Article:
Ignorance of Labyrinthine Laws Is No Excuse; Nonsensical Hunting Rules Do Nothing to Aid Conservation
Byline: Ted Nugent, SPECIAL TO THE WASHINGTON TIMES
Not a day goes by when an American outdoorsman doesn't confide in me that because of the increasingly complex, illogical hunting and fishing regulations across the nation, it would not surprise him if he had unintentionally violated a game law at some point. Other outdoorsmen routinely express their frustration about regulations that serve no purpose and cannot possibly be explained in terms of wildlife management.
America increasingly is drowning in just such strange, goofy regulations and requirements. As logic crusader John Stossel recently exposed, our federal government releases roughly 80,000 pages of new regulations each year - confusing, ambiguous, weird, illogical regulations that serve no meaningful purpose other than to attempt feebly to justify bureaucracies already off the rails. It's way past bizarre.
The you don't need to read it, you just need to sign it health care bill argued before the Supreme Court was more than 2,700 pages of extraordinarily complex rules and regulations. Sarcastically, Supreme Court Justice Antonin Scalia stated that having to read the bill was a violation of the Eighth Amendment's cruel-and-unusual-punishment clause.
Regrettably, state hunting regulations also have been ravaged by the overregulation beast. In Alaska, the hunting regulation book is 128 pages long. The Alaska trapping regulation is 48 pages.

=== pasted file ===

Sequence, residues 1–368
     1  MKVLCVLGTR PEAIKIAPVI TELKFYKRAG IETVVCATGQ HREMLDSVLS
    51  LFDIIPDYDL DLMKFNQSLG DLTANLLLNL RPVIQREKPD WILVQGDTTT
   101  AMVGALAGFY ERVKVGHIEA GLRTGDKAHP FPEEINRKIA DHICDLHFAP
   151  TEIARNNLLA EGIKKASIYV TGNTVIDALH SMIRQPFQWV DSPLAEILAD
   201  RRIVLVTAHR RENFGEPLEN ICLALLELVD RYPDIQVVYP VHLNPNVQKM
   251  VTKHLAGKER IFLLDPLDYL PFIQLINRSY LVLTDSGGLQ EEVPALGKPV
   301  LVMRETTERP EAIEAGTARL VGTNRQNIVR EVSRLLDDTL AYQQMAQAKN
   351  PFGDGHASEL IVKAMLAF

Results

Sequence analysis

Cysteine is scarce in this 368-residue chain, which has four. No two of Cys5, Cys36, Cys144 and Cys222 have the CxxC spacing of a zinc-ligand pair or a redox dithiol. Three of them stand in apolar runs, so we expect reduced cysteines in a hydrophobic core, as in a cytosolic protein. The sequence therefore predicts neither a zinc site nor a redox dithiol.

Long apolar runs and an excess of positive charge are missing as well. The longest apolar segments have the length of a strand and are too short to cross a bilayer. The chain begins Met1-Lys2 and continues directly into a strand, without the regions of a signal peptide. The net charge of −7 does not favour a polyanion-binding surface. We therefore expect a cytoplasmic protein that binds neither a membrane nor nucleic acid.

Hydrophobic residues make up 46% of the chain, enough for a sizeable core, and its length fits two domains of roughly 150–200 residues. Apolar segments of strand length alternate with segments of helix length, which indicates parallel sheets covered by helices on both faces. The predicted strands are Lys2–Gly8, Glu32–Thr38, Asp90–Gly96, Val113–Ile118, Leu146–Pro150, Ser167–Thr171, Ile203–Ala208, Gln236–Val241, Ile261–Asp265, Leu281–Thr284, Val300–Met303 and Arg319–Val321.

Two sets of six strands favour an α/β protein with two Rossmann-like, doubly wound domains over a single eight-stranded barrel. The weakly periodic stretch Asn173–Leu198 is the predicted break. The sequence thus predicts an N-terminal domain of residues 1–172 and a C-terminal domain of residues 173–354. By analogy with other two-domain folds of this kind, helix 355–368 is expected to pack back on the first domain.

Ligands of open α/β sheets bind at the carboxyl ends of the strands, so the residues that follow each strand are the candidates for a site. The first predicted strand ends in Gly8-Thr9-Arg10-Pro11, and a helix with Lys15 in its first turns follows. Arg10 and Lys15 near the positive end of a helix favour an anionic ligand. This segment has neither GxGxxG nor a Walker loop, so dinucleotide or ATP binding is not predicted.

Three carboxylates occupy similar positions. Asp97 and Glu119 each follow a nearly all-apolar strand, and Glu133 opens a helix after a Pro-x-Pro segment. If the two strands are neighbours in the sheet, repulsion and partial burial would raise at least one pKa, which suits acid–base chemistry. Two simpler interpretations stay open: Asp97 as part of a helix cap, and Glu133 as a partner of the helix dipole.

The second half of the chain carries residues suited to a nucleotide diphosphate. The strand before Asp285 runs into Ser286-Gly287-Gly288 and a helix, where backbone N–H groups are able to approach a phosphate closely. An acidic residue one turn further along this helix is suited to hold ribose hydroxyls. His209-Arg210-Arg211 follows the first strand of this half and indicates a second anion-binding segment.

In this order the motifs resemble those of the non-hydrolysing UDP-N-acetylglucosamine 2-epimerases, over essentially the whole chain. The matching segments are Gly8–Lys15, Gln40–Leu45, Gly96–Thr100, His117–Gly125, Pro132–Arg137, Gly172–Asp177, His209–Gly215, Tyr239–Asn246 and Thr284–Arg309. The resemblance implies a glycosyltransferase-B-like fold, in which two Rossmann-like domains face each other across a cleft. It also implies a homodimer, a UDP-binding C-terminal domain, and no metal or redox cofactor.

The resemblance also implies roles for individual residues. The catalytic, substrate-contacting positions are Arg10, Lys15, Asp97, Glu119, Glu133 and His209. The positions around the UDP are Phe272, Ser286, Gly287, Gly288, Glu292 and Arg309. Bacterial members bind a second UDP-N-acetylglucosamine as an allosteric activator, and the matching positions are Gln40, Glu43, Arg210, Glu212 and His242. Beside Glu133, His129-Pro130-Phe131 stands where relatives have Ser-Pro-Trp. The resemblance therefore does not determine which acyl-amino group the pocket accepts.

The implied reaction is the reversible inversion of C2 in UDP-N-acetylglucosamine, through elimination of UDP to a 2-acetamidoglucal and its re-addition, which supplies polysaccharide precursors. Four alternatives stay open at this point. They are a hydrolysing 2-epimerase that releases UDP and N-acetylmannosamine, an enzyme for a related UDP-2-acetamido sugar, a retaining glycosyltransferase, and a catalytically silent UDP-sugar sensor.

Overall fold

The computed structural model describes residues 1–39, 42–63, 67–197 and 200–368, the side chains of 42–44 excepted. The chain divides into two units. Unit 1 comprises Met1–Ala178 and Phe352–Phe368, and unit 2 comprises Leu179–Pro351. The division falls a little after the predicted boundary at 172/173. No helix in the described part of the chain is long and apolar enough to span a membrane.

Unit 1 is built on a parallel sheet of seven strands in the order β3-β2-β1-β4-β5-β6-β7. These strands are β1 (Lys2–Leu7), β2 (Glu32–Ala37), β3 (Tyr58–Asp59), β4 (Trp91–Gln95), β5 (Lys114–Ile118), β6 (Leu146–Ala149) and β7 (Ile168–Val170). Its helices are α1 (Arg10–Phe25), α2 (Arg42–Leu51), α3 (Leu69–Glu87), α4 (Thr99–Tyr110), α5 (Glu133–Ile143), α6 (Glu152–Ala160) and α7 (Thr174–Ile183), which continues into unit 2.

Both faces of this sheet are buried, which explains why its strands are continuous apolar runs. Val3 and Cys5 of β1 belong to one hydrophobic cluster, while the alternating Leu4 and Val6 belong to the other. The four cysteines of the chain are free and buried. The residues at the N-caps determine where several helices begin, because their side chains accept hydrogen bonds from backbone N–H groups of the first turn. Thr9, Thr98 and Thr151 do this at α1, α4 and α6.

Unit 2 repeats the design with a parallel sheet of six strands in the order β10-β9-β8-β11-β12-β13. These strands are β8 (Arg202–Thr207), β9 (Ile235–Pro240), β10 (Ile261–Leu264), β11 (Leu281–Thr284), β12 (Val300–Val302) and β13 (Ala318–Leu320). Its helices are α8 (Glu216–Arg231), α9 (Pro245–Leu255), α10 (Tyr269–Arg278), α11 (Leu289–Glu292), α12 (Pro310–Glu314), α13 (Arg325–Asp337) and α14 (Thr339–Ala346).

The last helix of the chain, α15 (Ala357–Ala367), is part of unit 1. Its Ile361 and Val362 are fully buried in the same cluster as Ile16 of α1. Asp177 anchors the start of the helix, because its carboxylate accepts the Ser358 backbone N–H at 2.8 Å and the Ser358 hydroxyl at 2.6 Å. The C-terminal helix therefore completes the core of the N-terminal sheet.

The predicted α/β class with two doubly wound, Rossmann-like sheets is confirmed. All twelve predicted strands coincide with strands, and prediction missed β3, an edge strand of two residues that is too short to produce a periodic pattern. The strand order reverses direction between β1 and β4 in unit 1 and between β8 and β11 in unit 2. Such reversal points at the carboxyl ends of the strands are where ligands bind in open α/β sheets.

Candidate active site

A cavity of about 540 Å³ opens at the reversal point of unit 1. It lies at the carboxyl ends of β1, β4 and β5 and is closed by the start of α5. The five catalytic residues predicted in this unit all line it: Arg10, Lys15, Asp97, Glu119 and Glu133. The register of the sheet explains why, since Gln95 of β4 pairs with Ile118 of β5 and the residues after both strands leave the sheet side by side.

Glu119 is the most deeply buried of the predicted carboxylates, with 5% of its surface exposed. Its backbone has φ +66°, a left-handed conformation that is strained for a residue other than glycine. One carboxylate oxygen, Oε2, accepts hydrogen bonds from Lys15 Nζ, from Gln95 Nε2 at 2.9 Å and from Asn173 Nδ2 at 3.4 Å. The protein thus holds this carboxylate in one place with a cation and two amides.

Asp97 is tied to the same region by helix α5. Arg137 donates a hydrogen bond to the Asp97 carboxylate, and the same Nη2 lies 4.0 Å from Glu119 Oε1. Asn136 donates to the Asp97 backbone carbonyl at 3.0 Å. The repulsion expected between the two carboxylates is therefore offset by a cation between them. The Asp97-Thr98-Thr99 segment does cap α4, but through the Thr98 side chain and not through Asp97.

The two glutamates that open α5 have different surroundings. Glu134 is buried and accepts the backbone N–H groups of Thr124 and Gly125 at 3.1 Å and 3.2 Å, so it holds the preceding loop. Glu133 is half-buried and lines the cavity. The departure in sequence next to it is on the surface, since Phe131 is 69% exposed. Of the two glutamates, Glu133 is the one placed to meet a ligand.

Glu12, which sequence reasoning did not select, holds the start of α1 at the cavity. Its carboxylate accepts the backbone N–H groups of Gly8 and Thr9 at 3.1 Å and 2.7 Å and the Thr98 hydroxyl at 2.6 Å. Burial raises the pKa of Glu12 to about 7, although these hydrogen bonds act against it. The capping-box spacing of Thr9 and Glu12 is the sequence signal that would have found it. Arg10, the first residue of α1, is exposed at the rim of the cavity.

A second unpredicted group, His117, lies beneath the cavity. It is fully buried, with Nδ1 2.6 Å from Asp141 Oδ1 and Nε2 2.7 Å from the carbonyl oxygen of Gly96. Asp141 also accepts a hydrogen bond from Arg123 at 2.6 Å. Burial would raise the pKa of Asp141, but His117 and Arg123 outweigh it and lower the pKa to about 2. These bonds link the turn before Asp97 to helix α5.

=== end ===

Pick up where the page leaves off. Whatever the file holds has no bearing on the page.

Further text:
Alaska is not alone. Numerous other states have seen incredible expansion of their hunting regulations over the past few decades. In Texas, the summary of hunting and fishing regulations is 85 pages. The hunting regulations in California are roughly 140 pages long.
Even with an increasing mountain of often confusing and complex hunting and fishing regulations, sportsmen have a legal and ethical obligation to know and abide by them, no matter how goofy they may be. I have said this for decades and will continue to do so as we fight to make the regulations sensible.
I have hunted in Alaska for almost 40 years. It is a spectacular, beautiful place that offers incredible big- and small-game hunting cherished by sporters from around the globe.
In 2009, I returned again with my sons to Alaska to hunt black bear. I was unaware that the specific region where I hunted had a new and unprecedented requirement that a bear-hunting tag was considered to be filled even with a nonlethal hit on the animal. For 60 years, every tag regulation in every state and Canadian province has declared that you tag the animal upon taking possession of the animal.
The first arrow I shot on that hunt was an obviously nonlethal shot in which the arrow glanced off the animal's rib, as seen clearly on stop-action video. …